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From: "Michael Leditschke" <email@example.com>
> Quoting from the above link;
> "Well-formed should be a category of minority interest to
> editor-application developers, not something for public usage."
> On the face of it, this appears to be a very sweeping statement.
> Granted, well-formedness covers a range of things from the basic
> to the (for some) esoteric, but I would have thought things like
> the redundancy inherent in XML's tag structure is of use to more
> applications that simply editors.
> What is the argument behind this statement?
For editing, working with half-arsed documents of all kinds is an advantage,
For data/document transfer, there should be no variability of the
infoset possible: what you send is what they get. I think it is a basic
matter of data integrity. E.g. if I provide an xmlns declaration in an
external parameter entity, I cannot guarantee that my document
has been labelled correctly.
If XML formalized headlessness, and also formalized unvalidated-but-handling-
entities-ids-and-defaults, then XML would become more robust: you don't
need to be concerned about what the parser at the other end can handle.
A receiving application should be free to pick whichever information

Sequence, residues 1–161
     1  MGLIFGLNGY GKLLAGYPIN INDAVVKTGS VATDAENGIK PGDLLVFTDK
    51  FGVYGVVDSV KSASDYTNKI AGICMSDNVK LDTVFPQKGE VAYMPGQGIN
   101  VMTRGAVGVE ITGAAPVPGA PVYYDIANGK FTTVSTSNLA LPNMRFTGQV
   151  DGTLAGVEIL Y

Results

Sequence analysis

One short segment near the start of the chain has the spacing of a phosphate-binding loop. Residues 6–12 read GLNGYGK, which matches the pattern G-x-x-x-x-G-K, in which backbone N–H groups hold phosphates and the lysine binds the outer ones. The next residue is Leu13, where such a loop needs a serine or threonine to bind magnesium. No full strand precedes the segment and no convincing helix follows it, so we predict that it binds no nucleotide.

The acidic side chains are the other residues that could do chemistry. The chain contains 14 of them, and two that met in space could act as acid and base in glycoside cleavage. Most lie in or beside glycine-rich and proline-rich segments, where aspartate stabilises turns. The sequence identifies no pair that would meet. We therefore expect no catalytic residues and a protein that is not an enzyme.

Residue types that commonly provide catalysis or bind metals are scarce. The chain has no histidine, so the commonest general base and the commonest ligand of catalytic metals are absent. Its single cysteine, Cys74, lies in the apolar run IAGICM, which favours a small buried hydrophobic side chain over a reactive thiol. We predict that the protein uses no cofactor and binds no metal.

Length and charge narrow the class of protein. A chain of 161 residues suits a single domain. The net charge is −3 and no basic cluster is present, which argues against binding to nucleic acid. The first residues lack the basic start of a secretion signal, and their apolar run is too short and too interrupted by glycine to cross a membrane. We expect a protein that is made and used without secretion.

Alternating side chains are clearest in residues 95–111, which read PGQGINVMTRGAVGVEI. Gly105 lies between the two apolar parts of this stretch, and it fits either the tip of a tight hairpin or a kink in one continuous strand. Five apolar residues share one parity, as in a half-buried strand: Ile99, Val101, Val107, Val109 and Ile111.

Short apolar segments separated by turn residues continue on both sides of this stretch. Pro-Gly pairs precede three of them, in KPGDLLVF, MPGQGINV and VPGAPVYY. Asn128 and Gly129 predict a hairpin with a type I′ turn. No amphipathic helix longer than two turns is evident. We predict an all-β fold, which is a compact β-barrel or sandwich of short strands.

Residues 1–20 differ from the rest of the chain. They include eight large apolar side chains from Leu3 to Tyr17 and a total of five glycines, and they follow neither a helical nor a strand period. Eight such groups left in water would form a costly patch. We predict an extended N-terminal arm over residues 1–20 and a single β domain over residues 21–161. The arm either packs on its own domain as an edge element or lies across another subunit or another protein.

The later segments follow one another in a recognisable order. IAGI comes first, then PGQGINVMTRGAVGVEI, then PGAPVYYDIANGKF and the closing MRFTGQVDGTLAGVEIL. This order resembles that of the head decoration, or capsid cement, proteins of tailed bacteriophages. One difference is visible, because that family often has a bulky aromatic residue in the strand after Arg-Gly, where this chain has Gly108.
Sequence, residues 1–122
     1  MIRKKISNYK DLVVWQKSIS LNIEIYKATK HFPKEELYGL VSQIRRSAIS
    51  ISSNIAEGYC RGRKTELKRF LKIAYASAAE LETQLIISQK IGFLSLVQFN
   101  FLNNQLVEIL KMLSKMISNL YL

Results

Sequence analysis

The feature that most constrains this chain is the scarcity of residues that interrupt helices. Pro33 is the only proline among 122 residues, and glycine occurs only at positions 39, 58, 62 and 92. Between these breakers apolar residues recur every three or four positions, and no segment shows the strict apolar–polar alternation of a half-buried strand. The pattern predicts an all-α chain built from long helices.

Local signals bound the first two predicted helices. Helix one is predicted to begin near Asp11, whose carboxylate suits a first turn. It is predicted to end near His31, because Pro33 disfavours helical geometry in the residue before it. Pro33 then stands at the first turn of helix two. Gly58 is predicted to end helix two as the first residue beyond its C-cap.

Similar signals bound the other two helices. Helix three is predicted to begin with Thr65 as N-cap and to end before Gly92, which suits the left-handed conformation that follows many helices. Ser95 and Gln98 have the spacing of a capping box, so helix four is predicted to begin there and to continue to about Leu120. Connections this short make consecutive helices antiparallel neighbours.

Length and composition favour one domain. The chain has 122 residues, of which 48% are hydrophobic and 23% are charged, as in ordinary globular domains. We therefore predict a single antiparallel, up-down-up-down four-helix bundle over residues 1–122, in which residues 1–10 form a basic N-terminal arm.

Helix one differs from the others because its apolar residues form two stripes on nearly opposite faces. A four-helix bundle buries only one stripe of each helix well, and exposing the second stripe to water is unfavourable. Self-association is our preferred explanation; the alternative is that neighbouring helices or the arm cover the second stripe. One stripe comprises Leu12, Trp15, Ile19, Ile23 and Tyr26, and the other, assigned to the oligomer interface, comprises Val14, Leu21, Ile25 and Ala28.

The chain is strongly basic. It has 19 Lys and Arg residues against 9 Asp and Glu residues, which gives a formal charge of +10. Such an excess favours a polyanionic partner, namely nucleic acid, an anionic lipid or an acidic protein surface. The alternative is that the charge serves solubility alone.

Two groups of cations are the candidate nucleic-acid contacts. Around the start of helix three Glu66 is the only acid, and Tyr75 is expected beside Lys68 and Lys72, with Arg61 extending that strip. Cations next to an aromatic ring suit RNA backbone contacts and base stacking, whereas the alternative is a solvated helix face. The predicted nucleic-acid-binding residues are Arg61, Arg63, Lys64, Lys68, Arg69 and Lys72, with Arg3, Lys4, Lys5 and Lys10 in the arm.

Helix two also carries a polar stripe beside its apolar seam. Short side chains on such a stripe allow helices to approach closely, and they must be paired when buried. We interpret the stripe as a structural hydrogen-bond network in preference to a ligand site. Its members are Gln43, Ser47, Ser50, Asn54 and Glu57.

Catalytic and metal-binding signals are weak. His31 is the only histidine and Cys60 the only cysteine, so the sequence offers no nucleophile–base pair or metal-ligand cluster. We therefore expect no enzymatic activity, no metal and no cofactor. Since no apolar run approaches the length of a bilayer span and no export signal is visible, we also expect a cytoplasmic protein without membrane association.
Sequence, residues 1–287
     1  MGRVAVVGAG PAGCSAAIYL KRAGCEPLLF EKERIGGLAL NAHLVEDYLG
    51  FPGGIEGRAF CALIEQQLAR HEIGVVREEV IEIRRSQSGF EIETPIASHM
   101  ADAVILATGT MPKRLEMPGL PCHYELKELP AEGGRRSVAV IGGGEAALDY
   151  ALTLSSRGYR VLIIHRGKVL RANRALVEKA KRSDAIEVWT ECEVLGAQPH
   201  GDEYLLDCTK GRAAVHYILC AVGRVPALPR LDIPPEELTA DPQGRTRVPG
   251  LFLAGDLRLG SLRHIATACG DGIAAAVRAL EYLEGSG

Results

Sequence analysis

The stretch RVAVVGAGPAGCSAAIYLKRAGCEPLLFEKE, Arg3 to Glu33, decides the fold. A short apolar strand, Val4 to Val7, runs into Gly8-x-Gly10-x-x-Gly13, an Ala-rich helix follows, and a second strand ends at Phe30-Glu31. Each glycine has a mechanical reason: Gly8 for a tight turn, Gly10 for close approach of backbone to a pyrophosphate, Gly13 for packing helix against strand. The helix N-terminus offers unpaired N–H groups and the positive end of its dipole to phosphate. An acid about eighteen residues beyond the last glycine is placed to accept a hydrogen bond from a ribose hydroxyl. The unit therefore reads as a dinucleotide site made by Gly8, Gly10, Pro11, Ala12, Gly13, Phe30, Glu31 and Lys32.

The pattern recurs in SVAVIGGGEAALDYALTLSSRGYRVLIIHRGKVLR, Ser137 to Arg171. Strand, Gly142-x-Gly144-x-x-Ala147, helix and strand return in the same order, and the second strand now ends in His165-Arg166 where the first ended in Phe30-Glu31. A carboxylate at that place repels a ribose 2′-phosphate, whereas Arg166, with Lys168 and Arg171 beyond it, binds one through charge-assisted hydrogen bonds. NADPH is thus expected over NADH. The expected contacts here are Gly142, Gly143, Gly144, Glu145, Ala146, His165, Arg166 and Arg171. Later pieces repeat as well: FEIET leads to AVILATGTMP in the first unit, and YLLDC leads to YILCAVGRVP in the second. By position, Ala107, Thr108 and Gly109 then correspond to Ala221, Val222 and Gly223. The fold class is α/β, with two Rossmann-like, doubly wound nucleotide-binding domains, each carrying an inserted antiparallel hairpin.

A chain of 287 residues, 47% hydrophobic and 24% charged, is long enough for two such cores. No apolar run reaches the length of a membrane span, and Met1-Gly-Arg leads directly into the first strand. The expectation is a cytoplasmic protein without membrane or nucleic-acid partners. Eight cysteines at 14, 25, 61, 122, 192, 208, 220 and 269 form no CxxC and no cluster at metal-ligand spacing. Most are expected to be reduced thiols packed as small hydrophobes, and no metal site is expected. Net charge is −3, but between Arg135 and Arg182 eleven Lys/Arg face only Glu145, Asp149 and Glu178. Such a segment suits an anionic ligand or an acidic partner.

items it requires: however, this should be on the basis of the kind or
name or type of information item, not how the sender happened to
compose the message. WF gives a capability that is not important,
and we would be better served with a lower and a higher bar both
of which can guarantee infoset transfer.
We are a week away from the 5th anniversary of XML's publication.
Rather than armchair improvements based on aesthetics or annecdotes,
I think there are two main groups with outstanding needs (SOAP and
XHTML) and an unfortunate hole (WF as currently defined) in the reliability
department, which can all be fixed at once. These should be fixed as a first
priority, rather than farting around with individual pet improvements (such
as providing yet another way to declare something is an id.)
I tend to believe the best way to do get this started would be for TAG to add to
the goals for XML a requirement for infoset integrity, reliability and robustness,
and ask the XML WG and community for a review of XML on those grounds,
with the expectation that it would lead along the kind of split I mention above.